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Sexuality and Fertility in Women during Radiation Therapy
may damage your reproductive organs or cause early menopause, preventing you from being able to become pregnant. A decrease in female hormone levels can cause problems with sexual function or desire. Radiation can cause vaginal itching, burning, and dryness that make sex painful or difficult.
What you can do before radiation therapy to protect your fertility:
Talk to your healthcare providers before you start radiation therapy. It is important for your providers to know if you want to have children after therapy. You may be able to do the following before treatment:
- You can have your eggs removed and fertilized with sperm to create an embryo. This is called in vitro fertilization (IVF). The embryos that are created from IVF can be frozen and used after you finish your treatment. You can also have your eggs removed and frozen without being fertilized. The eggs can be thawed and fertilized after treatment. After treatment, an embryo can be implanted into your uterus. Embryos can also be implanted into another woman's uterus so she can carry the baby. This is called surrogacy. Surrogacy may be needed if your reproductive organs are damaged during radiation therapy.
- Ovarian transposition (or oophoropexy) is surgery to move your ovaries out of the way of radiation treatment. Radiation can affect healthy tissues that are near the cancer tissues. Have this surgery as close to the start of radiation treatment as possible. Your ovaries may move back to their original positions and not be protected.
Pregnancy during and after radiation therapy:
Work with healthcare providers to plan a pregnancy if you did not store your eggs before treatment. You may be able to get pregnant during and after treatment, but radiation can harm an unborn baby. Radiation can also cause problems during pregnancy. Use birth control during the time you are treated and for up to 6 months after. This may prevent problems with the pregnancy or harm to the baby.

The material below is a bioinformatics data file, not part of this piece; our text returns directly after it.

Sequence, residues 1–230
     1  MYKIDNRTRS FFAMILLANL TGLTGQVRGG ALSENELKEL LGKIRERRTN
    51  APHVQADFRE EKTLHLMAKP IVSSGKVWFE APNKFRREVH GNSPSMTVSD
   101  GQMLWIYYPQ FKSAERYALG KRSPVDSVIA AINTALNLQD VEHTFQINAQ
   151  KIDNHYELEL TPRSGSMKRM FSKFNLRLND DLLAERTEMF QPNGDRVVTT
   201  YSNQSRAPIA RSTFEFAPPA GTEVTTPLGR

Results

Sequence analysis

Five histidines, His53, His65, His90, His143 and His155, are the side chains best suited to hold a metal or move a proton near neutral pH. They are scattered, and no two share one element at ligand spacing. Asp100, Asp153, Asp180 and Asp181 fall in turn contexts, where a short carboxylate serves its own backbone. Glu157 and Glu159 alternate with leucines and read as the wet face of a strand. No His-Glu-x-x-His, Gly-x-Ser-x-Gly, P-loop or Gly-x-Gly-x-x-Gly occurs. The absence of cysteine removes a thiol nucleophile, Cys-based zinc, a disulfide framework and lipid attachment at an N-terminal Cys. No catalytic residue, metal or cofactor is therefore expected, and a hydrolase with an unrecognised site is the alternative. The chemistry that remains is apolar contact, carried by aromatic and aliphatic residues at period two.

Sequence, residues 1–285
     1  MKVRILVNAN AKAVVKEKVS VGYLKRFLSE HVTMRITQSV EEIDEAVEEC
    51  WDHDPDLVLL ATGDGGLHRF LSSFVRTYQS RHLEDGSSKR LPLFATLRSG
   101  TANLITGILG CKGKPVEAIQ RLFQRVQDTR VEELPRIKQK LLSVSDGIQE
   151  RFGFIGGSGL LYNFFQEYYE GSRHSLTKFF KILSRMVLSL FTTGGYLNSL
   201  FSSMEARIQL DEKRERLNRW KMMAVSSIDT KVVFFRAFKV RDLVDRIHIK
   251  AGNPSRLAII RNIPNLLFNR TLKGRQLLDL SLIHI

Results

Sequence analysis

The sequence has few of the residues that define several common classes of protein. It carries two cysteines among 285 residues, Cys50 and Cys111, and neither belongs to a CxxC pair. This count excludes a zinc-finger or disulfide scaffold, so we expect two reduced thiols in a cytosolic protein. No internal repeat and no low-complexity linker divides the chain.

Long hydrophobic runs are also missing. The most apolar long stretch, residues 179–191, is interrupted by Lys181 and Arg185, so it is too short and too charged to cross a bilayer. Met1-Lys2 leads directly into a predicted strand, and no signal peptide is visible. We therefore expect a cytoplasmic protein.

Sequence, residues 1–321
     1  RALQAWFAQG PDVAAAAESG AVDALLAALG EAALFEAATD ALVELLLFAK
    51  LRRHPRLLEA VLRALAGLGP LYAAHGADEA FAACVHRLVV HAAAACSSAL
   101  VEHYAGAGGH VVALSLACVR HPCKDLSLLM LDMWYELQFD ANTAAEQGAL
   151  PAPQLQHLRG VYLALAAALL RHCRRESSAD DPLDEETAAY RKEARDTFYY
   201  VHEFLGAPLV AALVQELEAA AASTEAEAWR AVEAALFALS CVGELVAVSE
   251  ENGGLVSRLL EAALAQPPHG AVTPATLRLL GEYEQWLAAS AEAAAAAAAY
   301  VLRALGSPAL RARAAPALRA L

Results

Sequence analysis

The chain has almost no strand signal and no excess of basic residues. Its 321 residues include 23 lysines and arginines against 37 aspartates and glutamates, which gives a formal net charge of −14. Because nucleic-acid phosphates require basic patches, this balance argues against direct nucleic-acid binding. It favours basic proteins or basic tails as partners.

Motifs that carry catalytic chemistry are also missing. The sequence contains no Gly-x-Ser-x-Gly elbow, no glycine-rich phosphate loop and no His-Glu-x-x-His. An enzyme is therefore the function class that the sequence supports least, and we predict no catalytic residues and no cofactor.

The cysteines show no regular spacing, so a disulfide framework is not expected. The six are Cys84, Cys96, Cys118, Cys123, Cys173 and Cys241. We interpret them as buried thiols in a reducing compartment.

Manage side effects of radiation therapy:
- Hormone replacement medicine may be given to manage side effects of radiation therapy. You may be given hormones if you develop menopause symptoms.
- Enjoy other forms of intimacy if sex is uncomfortable or painful.
- Use a water-based lubricant during sex to manage vaginal dryness. Do not use lubricants that are scented or colored.
- Get support by joining a support group or going to therapy. Changes in sexual function and fertility may be difficult for you and your partner.
For support and more information:
- American Cancer Society
250 Williams Street
Atlanta , GA 30303
Phone: 1- 800 - 227-2345
Web Address: http://www.cancer.org
Follow up with your doctor as directed:
Write down your questions so you remember to ask them during your visits.
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